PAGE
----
“The Red Studio” was finished in December 1911. Describing it to the Russian textile merchant Sergei Shchukin, who had commissioned it, and whose patronage enabled Matisse to build the studio, the artist wrote “The painting is surprising at first. It is obviously new.” (Many found it too new, especially its shocking color. It was among the works most reviled by critics and visitors alike in the Second Post-Impressionist Exhibition in London in 1912 and in the historic 1913 Armory Show-, seen in New York, Chicago and Boston.)

Whether Shchukin, whose great collection of early 20th century Modern art included 37 Matisses and would be confiscated by the state after the Russian Revolution, agreed or not, is lost to history. Either way, he declined to buy it. Instead, this singularly sublime painting remained in the West. At the Modern it provided a kind of polar opposite to Picasso’s singularly savage painting, “Les Demoiselles d’Avignon” of 1907, which had entered the collection a decade earlier, in 1939.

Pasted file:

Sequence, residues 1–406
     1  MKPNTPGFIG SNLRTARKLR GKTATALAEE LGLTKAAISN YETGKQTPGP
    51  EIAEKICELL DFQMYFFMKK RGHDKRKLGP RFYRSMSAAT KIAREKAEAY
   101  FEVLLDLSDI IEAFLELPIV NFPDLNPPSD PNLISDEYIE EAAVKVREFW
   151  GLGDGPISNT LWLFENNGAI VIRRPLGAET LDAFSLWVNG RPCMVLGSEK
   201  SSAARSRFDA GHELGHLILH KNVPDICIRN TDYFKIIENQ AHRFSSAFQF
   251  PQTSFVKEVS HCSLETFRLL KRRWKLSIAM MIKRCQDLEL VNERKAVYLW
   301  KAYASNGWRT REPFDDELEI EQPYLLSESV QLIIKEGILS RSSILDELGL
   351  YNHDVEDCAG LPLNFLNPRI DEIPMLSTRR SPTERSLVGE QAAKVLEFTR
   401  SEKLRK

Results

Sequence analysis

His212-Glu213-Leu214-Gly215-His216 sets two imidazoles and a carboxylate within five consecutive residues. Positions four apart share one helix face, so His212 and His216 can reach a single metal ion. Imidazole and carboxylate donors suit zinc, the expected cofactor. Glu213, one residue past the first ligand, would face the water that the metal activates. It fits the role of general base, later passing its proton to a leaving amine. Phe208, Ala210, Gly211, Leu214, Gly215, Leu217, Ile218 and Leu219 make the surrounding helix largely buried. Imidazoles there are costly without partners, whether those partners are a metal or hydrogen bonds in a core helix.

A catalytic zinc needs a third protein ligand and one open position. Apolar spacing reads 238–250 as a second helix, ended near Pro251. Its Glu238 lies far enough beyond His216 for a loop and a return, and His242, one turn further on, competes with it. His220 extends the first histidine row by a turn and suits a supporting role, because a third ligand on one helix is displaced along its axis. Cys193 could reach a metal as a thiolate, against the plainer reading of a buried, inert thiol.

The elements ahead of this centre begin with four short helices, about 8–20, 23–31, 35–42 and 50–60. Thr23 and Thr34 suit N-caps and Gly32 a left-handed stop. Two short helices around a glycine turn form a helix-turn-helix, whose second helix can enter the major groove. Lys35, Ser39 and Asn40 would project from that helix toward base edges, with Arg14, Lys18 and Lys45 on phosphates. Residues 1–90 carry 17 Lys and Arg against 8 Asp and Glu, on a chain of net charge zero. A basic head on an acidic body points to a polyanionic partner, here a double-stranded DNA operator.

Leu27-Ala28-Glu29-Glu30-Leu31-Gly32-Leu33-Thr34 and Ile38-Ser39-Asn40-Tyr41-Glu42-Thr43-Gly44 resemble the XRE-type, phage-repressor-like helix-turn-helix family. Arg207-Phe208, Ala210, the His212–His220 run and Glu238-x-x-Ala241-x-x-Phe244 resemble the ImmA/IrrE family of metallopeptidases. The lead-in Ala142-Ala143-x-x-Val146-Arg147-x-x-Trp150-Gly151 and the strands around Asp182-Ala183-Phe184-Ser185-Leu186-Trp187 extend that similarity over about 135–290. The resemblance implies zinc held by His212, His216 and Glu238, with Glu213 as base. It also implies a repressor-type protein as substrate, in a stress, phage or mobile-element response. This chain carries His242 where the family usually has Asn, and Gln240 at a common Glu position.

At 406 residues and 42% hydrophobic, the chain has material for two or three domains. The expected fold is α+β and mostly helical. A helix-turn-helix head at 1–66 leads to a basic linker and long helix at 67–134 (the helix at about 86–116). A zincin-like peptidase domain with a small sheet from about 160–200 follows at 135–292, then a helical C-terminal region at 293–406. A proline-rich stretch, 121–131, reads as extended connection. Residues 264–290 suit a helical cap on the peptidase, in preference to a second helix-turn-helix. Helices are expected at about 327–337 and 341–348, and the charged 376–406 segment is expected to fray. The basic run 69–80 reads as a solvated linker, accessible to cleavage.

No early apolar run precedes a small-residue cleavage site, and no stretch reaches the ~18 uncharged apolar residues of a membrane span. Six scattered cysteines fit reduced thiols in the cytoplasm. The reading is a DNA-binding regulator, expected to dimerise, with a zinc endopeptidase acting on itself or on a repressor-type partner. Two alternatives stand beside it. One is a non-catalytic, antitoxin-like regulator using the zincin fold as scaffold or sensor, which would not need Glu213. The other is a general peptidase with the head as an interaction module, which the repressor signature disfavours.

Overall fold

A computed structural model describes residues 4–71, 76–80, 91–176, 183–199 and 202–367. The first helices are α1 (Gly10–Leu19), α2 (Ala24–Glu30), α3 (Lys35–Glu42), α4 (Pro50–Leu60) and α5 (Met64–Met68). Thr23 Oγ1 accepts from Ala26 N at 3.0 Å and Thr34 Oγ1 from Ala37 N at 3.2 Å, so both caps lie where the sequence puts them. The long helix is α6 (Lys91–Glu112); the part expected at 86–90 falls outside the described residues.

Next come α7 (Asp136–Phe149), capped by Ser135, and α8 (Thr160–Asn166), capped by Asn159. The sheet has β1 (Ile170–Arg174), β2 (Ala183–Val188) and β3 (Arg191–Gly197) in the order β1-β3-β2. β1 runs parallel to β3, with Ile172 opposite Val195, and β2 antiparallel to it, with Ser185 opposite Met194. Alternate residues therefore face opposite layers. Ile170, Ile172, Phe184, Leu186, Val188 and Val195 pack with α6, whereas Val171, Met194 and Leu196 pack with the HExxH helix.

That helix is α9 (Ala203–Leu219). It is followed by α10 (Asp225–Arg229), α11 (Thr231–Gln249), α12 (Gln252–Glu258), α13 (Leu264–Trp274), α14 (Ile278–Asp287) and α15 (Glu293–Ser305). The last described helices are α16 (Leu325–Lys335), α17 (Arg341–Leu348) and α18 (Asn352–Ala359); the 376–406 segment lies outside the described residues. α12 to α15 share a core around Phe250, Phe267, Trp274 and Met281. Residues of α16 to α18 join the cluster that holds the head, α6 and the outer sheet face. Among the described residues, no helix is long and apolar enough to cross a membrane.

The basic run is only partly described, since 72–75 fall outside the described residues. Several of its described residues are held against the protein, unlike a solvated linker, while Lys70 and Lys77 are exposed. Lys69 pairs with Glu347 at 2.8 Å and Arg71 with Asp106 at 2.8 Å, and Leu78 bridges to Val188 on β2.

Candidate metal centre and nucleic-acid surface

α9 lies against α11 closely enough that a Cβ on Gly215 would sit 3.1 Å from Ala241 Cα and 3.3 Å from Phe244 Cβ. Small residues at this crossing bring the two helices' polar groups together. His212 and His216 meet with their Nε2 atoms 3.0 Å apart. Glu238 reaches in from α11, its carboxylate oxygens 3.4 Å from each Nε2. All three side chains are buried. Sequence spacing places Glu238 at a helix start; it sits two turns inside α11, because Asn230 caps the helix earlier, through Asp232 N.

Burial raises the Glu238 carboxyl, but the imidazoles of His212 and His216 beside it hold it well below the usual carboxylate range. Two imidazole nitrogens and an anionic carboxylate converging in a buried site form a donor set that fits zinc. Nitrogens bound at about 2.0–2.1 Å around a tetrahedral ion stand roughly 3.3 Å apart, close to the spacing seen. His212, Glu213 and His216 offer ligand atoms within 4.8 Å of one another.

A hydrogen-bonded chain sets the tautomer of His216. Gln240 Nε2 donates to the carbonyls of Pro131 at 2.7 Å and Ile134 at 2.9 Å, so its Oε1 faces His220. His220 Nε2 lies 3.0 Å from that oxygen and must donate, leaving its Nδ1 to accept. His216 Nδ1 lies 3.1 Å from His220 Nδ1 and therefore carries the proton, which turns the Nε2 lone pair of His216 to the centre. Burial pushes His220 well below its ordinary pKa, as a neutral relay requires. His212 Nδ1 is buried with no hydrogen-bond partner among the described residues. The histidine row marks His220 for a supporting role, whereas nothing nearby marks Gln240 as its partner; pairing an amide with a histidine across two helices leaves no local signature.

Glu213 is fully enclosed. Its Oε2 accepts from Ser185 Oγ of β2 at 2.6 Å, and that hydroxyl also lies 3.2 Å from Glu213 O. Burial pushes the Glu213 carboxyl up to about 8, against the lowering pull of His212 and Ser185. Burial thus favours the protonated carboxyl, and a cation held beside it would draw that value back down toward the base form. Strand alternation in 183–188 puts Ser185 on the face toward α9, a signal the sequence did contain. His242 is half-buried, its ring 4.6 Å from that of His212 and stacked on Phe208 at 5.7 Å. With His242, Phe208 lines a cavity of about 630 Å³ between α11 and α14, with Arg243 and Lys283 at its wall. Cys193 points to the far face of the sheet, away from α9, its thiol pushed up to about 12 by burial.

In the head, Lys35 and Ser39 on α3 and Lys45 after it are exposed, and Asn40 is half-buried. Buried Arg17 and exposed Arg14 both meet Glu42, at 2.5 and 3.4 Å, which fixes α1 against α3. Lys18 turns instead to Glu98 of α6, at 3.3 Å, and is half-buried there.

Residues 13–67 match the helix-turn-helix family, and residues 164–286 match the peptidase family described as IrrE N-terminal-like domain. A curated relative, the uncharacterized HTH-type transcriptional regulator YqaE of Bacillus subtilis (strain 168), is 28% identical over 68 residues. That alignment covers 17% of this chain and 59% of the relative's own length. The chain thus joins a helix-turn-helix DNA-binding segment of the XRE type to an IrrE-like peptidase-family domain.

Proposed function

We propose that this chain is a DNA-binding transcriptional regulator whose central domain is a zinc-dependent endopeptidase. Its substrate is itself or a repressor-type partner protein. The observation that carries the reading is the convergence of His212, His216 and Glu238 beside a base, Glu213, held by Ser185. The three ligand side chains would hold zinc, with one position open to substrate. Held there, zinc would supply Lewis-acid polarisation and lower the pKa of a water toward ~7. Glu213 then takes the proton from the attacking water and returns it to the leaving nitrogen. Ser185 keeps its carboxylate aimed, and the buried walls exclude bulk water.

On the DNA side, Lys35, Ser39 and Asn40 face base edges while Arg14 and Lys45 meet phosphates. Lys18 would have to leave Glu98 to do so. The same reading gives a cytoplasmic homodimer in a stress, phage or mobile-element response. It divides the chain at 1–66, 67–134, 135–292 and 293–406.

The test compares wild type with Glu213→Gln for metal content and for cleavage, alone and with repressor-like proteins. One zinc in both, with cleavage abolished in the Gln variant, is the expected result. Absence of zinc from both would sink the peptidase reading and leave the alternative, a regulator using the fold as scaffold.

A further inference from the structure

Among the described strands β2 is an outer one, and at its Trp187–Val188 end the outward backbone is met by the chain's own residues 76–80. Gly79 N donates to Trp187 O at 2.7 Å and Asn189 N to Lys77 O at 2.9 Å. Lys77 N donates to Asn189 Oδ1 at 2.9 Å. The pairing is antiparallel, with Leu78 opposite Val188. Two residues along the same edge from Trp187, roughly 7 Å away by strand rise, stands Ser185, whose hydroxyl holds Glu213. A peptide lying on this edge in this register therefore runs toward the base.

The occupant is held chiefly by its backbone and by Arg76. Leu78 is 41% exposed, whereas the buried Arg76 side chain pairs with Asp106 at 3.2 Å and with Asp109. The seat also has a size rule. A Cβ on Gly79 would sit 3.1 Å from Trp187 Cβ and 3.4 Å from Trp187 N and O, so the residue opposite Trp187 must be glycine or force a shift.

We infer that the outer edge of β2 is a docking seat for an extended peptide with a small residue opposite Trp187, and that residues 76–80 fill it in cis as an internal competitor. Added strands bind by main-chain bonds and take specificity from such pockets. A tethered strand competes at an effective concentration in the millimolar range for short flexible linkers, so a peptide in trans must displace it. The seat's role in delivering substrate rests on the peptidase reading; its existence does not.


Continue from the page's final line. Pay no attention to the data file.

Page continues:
This meant that the painting was essentially free, in the cultural sense, to thrill, influence and inspire the present and to become part of history. It presages one of the staples of postwar modernity — the monochrome, or one-color painting — and arrived in New York just as several painters were getting their Abstract Expressionist chops in order. You can feel it in Barnett Newman’s blazing red “Vir Heroicus Sublimis” (“Man, Heroic and Sublime”) of 1950-51, and in some of Mark Rothko’s airy blocks of dark, smoldering color.